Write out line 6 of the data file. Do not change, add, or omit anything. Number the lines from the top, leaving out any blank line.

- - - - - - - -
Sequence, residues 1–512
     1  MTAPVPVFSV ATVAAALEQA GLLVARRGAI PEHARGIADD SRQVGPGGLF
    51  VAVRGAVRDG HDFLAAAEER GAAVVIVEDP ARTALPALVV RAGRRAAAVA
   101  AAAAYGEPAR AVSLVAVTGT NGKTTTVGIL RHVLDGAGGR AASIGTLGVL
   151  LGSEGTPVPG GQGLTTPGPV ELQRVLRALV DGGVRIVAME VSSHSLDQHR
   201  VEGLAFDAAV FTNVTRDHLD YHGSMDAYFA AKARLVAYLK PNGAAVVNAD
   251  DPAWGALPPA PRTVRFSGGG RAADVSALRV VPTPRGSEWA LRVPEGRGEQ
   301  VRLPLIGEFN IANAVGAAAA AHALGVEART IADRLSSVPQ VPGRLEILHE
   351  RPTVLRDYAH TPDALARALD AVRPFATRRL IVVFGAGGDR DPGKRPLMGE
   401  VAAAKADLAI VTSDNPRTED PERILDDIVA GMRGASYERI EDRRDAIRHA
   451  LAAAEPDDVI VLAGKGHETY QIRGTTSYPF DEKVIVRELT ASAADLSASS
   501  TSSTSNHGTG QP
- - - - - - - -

   201  VEGLAFDAAV FTNVTRDHLD YHGSMDAYFA AKARLVAYLK PNGAAVVNAD